Archive for the ‘General Info’ Category

LCRA Presentation to BCRUA

Wednesday, April 2nd, 2008

James Kowis, manager of water supply planning for the LCRA, made a 30-minute presentation to the Brushy Creek Regional Utility Authority board of directors on March 24. The presentation gave an overview of the LCRA’s water supplies – specifically, how much water it has, how much water is contracted or otherwise committed, where are customers using water (and how much is being used), and what LCRA is doing to increase supplies.

The board asked for the presentation because the BCRUA project is purchasing water from the LCRA out of Lake Travis, and concerns have been expressed about the project’s impact on the lake.

Press play button to start slidecast

View Fullscreen – recommended due to detail of presentation

Texas Water Development Board approves $309 million loan for project

Friday, February 1st, 2008

The Texas Water Development Board on Monday, Jan. 28, unanimously approved a $309 million loan for the first two phases of the Brushy Creek Regional Utility Authority project. Here’s the TWDB press release on the board action. The Phase 1 commitment is for $170.6 million, with Phase 2 at $139.1 million.

Phase 1 of the project includes construction of a new temporary floating intake structure on Lake Travis, a raw water pipeline within the Trails End Road right of way, a new treatment plant in Cedar Park, and a new treated water pipeline. Construction is expected to begin in 2008 and be completed in 2010. Phase 1 FAQ.

Phase 2 of the project includes construction of permanent deep-water intake and raw water pipeline from the intake to the existing raw water pipeline. Construction is expected to be required no later than 2016, but it may be accelerated depending on drought conditions and lake levels. Phase 2 FAQ.

The TWDB’s commitment for Phase 2 funding is conditioned such that the BCRUA must obtain a reaffirmation of the commitment from the Board prior to closing the loan for Phase 2.  During this reaffirmation, the Board will consider any findings and recommendations regarding the environmental, socioeconomic, and permitting issues, as well as any other issues of concern to the Board.

Form Letter Response

Tuesday, July 31st, 2007

Council members for the three partnering cities that form the BCRUA have been receiving form letters with questions from concerned people. Below is the response we have been sending to those people.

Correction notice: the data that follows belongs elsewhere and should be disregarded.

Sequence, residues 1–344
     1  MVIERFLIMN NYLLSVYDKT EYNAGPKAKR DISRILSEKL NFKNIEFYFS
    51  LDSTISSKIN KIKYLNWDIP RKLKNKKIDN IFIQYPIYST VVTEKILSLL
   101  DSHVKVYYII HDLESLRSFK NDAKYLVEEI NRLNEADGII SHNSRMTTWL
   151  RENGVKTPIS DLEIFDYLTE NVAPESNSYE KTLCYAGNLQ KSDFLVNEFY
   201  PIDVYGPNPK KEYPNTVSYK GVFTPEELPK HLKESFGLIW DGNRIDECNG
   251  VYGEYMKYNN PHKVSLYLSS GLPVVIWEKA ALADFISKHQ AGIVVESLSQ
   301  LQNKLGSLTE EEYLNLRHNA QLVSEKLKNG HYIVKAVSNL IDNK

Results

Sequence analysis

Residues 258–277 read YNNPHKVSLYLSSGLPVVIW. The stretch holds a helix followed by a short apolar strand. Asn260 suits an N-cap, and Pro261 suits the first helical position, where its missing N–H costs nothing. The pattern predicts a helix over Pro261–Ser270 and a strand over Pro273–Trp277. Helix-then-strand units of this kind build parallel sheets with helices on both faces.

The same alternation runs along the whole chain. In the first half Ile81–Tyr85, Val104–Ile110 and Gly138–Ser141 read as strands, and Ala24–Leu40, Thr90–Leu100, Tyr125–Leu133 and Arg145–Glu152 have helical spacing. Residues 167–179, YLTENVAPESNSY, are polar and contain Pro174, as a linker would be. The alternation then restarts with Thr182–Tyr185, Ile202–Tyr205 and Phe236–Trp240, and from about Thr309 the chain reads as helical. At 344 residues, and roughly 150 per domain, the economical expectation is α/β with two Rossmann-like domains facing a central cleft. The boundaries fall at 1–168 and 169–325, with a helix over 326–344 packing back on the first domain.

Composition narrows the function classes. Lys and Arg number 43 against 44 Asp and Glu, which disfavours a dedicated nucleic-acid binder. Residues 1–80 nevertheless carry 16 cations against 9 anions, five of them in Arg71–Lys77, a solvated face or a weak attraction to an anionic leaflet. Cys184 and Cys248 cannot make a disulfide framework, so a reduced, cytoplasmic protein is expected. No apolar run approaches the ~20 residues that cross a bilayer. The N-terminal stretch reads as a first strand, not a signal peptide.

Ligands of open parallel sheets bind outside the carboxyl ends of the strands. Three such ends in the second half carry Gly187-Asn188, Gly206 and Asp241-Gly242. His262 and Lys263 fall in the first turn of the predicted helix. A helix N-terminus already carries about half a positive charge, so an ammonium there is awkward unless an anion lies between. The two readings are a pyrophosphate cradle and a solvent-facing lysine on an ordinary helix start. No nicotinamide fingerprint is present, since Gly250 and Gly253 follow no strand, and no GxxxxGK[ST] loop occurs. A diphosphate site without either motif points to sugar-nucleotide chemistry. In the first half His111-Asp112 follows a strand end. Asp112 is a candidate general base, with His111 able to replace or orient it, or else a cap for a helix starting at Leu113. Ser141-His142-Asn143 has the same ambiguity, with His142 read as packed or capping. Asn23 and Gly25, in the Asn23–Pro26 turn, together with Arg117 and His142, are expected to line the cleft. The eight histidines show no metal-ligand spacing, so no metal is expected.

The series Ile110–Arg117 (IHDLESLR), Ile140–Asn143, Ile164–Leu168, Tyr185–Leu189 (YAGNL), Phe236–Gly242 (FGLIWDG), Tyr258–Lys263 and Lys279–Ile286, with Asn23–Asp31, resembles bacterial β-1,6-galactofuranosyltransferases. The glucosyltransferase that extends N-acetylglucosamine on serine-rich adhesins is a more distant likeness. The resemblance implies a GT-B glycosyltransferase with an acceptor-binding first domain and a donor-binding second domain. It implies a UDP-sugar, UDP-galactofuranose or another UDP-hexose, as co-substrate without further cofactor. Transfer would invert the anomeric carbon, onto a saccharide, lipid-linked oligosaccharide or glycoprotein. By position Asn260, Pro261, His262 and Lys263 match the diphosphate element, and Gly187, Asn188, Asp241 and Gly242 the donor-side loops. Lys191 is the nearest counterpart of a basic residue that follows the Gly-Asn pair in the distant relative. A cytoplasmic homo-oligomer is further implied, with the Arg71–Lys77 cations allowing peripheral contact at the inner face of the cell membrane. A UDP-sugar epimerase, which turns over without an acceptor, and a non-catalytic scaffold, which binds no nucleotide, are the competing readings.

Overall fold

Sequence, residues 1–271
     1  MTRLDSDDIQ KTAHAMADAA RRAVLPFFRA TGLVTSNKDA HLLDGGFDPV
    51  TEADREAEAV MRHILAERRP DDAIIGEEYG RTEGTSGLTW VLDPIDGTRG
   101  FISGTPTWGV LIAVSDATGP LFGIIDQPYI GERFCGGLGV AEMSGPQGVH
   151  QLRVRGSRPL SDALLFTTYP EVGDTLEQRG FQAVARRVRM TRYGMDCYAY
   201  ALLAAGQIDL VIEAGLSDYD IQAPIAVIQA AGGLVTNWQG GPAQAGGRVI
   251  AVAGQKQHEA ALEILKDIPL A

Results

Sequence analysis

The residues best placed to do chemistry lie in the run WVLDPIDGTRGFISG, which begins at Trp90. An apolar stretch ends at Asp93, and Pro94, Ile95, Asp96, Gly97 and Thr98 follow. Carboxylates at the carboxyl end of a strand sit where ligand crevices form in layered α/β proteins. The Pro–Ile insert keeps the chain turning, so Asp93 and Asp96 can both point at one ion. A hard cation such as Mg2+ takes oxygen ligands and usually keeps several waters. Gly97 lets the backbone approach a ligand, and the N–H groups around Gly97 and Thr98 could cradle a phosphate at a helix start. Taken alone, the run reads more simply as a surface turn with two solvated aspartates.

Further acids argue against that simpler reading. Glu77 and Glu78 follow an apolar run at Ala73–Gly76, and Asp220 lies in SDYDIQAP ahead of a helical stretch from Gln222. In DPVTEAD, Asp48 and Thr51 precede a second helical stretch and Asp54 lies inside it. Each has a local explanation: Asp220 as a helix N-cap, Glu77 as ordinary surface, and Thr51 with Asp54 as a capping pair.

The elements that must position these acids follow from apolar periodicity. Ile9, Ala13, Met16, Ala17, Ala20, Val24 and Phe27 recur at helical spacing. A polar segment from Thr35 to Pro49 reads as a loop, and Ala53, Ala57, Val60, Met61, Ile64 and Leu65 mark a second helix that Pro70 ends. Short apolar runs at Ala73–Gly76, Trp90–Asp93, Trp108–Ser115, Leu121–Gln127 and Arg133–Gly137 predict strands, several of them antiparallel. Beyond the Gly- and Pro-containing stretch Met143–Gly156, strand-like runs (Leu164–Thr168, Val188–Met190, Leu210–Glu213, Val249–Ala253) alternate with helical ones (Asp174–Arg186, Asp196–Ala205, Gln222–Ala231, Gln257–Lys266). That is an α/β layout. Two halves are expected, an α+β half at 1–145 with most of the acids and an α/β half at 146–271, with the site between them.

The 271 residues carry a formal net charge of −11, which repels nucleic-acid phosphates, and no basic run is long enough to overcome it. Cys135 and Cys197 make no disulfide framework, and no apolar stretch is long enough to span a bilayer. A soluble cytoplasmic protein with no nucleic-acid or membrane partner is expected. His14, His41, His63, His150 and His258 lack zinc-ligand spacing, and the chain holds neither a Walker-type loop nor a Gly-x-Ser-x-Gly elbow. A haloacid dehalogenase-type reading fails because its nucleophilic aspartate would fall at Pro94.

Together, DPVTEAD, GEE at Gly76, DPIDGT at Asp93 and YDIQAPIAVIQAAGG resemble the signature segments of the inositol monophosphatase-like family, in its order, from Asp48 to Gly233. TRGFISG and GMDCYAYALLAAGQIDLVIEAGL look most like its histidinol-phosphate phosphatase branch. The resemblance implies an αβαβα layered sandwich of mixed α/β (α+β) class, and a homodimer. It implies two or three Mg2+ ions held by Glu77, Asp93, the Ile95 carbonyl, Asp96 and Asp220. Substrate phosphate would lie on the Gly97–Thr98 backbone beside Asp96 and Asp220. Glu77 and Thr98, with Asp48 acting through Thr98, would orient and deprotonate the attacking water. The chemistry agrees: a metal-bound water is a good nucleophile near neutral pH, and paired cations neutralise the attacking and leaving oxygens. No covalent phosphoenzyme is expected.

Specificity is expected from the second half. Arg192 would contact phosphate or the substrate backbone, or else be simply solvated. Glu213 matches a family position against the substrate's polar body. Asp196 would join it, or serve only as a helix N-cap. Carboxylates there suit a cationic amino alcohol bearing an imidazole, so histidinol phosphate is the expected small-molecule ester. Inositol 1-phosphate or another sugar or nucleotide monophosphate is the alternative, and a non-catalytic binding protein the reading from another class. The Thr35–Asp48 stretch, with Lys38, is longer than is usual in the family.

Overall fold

Thank you for taking the time to visit the Brushy Creek Regional Utility Authority Water Supply Project website/blog. The text of this letter is being sent by the city councils of Round Rock, Cedar Park, and Leander in response to letters we’ve received voicing concern about our project’s impact on Lake Travis.

We understand your concern about protecting Lake Travis. It is indeed a beautiful recreational resource. However, we must keep in mind that the Lower Colorado River Authority (LCRA) created the lake decades ago, with the assistance of then Congressman Lyndon Johnson, to end disastrous flooding and provide a reliable source of water and electricity to residents throughout the lower Colorado River basin.

This project will not drain Lake Travis. Lake Travis is a variable level lake, one that fills during times of excess rains and from which water is released as municipal, agricultural, and other needs require. The amount of water secured for this project is but a fraction of what has been made available by the LCRA. As a holder of municipal and irrigation water rights, LCRA is required to conserve and supply water according to a water management plan developed by water supply experts and approved by the state of Texas. The plan prepares for “worst case scenarios”—long droughts followed by extreme flooding as we’ve seen in recent months.

As elected officials, we have a responsibility to ensure a reliable, cost-effective water supply and to plan for future water needs. It would be irresponsible of us not to do so. The region’s safety and economic health depends on our due diligence. Schools, hospitals, businesses, and families – present and future – depend on these decisions. We have thoroughly researched other sources of water. Lake Travis is the best choice. Securing water from Lake Travis is in line with state regional water plans and is supported by studies going back more than a decade.

We are continuing to evaluate the site of the deep water intake. We realize construction will have unavoidable impacts to those living nearby and along the construction route. With many public improvement projects, some have to put up with temporary inconvenience. We sincerely regret that. We have instructed project designers to do all they can, short of compromising the project’s mission, to avoid, minimize, or ameliorate negative effects.

We welcome and need your input. An open, honest discussion is one of the best ways to ensure sound decisions. We hope you will continue to be involved and encourage you to seek accurate information.

For project news, please visit For information on LCRA’s water management planning process, please visit